Can Thinking Make You Fat?

All of that studying just might have contributed to your Freshman Fifteen

Thinking Fat

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With about half of the United States' workforce classified as "white collar", a new study out of Canada is relevant food for thought-- but don't think about it too much! The study, which examined calories consumed after participants completed various intellectually challenging activities, determined that test subjects ate more after finishing more strenuous intellectual activities than when they finished intellectual activities that were less demanding.

Can thinking really make you fat? The Universite Laval study indicates that, although intellectual work sessions expended only three more calories than non-intellectual work sessions, those who thought more indeed also ate more, post-activity. In fact, participants who took on the challenging intellectual tasks consumed up to 29.4 percent more calories than those who did not.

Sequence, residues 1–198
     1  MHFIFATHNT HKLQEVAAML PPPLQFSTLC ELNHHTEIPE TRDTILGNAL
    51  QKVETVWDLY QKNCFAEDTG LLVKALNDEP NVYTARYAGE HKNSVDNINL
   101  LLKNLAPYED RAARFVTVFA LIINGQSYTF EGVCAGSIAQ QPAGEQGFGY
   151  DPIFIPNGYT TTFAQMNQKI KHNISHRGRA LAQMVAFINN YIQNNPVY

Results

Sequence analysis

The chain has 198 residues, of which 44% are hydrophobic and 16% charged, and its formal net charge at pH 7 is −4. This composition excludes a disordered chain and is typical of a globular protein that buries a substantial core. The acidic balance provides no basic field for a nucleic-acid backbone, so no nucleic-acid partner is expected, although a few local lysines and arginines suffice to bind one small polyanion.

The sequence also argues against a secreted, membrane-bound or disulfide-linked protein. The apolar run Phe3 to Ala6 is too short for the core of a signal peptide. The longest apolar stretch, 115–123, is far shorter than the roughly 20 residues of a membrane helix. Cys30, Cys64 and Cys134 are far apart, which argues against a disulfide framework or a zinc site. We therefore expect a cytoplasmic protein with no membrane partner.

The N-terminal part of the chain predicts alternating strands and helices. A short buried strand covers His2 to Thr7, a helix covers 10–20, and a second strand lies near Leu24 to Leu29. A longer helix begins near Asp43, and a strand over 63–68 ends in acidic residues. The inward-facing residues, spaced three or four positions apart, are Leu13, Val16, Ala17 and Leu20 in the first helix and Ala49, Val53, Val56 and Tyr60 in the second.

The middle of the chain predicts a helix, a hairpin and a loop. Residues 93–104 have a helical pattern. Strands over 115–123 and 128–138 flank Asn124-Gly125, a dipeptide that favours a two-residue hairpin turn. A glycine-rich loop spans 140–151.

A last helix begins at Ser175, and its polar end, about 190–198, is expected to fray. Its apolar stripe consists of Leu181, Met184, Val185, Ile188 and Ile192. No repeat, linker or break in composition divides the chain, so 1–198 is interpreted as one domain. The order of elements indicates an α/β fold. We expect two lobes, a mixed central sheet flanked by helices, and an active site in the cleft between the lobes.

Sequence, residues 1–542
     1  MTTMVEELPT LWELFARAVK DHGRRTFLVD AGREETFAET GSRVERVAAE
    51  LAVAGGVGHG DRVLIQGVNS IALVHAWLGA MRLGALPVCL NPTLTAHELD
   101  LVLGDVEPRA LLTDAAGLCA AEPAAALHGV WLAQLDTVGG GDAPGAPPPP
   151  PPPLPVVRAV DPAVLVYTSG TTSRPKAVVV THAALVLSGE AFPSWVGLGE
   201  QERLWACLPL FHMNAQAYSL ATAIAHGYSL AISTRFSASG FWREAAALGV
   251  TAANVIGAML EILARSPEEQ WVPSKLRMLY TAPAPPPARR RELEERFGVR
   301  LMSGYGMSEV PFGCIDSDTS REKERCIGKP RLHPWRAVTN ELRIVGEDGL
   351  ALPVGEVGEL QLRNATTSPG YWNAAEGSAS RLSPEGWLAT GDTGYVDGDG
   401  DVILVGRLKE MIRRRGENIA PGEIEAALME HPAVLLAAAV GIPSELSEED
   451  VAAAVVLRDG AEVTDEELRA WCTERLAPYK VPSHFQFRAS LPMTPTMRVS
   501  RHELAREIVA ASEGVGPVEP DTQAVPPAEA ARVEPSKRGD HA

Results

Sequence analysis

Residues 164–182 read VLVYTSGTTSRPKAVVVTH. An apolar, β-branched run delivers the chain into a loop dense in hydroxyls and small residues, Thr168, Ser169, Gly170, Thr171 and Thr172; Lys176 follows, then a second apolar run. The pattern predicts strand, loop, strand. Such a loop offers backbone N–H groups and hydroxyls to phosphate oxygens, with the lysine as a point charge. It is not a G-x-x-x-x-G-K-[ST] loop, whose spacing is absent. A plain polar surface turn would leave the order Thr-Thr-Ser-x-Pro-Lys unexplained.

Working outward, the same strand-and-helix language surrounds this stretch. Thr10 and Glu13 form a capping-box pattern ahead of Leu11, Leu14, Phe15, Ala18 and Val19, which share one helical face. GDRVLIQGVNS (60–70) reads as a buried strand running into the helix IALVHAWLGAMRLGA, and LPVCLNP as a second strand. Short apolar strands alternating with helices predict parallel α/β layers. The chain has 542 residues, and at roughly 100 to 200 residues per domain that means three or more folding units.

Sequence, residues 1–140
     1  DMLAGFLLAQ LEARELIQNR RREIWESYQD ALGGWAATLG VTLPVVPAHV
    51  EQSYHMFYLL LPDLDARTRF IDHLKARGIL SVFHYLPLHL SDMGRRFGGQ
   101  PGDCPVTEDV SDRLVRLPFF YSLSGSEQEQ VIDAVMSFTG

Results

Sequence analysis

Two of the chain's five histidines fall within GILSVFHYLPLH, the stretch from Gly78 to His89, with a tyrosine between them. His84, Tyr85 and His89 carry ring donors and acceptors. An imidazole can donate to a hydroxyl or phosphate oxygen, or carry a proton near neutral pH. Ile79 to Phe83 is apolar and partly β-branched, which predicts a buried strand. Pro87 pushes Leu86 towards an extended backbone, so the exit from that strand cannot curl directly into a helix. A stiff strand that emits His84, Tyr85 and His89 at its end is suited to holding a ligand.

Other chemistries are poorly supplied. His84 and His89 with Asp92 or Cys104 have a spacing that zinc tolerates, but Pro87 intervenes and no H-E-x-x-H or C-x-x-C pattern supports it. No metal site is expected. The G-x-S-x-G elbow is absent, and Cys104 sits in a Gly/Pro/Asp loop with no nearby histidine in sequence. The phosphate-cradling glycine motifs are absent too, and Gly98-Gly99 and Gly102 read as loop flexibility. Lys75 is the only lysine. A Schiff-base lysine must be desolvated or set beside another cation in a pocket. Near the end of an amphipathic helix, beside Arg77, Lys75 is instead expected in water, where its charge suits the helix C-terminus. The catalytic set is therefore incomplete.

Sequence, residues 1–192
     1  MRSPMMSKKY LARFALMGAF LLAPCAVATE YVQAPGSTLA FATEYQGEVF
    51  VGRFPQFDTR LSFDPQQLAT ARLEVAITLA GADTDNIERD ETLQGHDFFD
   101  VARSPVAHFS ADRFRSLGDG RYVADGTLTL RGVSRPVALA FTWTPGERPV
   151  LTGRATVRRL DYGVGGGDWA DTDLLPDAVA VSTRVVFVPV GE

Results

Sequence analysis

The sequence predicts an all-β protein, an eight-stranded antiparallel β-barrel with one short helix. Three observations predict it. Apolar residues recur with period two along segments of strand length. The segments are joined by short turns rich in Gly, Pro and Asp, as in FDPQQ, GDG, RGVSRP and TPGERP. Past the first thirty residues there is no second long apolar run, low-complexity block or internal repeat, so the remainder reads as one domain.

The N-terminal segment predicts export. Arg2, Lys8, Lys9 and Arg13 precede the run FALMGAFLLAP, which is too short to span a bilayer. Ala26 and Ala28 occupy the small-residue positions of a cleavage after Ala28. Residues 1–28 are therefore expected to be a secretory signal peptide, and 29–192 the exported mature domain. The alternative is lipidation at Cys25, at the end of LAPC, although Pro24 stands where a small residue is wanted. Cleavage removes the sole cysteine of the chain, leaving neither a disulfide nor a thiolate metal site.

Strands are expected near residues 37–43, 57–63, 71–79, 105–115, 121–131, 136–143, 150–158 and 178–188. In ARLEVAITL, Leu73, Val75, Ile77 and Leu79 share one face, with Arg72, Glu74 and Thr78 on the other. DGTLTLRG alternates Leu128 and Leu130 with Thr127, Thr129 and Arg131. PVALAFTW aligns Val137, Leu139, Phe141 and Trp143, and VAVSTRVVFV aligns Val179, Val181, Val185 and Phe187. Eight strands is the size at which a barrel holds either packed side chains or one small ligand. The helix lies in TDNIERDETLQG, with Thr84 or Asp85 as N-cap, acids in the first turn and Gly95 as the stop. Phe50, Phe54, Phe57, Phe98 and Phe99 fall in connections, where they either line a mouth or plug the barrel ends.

One reason for this behavioral discrepancy could be chemical: more grueling intellectual work corresponded with greater fluctuations of glucose and insulin in the body. These findings raise questions regarding whether the brain, after being taxed, attempts to replenish its energy (glucose) through urging the body to eat more.

Before you gear up to blame any excess weight on your superior intellectual activity, remember that the basic equation of too many calories plus not enough movement still equals weight gain. Clearly, though, it's best not to think about it too much, and instead just go work out.